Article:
In my family, holiday food traditions are never about what you might think of as traditional holiday food. Yes, we have matzah on Passover and apples and honey or Rosh Hashanah, but the traditions go deeper than that. At our Passover seder, we must have potato kuglets, made each year by different members of the family. No matter what else on the menu changes, the kuglets are how we know it is Passover, and not another festive meal. Before the fast of Yom Kippur, our traditional family food is honey chicken and noodles. Nothing else will get us through the fast, and no one thinks to suggest anything else. And then there is the Ten Commandments Cake on Shavuot.
There is power in traditions surrounding food, and there are numerous educational moments in every tradition that are built around food. First, our food traditions, like any other family tradition, keep us together even when we can’t physically be together. I know that next year, when I am not with my family for Yom Kippur, honey chicken will be on both our menus. There is comfort knowing that although we will be apart, the food of our family will keep us connected.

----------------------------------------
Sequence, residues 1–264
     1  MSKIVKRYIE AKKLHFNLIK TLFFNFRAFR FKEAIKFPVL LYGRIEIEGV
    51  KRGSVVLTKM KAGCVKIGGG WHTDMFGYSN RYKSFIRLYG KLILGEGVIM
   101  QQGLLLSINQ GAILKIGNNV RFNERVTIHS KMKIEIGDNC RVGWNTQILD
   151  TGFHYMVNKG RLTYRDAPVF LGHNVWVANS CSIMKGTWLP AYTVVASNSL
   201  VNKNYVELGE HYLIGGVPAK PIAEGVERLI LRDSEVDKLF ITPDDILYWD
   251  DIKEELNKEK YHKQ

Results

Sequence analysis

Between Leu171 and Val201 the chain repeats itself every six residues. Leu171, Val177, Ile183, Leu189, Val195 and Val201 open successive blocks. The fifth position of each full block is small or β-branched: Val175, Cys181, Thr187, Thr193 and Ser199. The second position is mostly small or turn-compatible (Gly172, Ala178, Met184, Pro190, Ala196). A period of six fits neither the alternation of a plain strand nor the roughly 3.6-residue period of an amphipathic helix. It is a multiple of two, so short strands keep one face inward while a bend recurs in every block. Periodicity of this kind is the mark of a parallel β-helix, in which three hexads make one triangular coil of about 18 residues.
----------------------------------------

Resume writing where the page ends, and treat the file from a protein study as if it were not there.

Food traditions also provide opportunities for both Jewish and nutritional learning. There has been lots of research and numerous articles touting the benefits of having kids in the kitchen. Children who cook healthy food are more likely to try it, leading to a life of healthy eating. Children who learn to cook in a kosher kitchen or who are exposed to the rhythm of Jewish life through food get the kinesthetic sensation of the Jewish year before they are old enough to comprehend all of its rules and patterns.
In our house, one of our most central food traditions is the Shavout Ten Commandments Cake. Now this cake may not win points for nutrition, but in our family it is not Shavout without this cake. We make it, and then we bring it to our synagogue picnic and share it with all our friends. Each year, we discuss which strawberry on the cake stands for which commandment and it becomes a review of what we have just heard read aloud in synagogue.
Making this cake is simple. You make a box of chocolate cake mix in a 9×13 inch pan (you could also make your own chocolate cake, if you were so inclined, but it is important that it be chocolate). You then carve the cake into the shape of the two tablets and frost it with vanilla icing. It is important not to be too neat, since the idea is that the crumbs of the chocolate cake will mix with the vanilla icing, creating an effect that looks like stone. Right before you are ready to serve (the cake will get soggy otherwise), cut some strawberries into small pieces and use them to outline the edges of the cake, and to make a line between the two tablets. Finally take 10 whole or half strawberries, depending on the size, and place five on each tablet.
Bring it to your local Shavout picnic and share it with friends. It will be a hit, even if there are no kids around to appreciate your new tradition.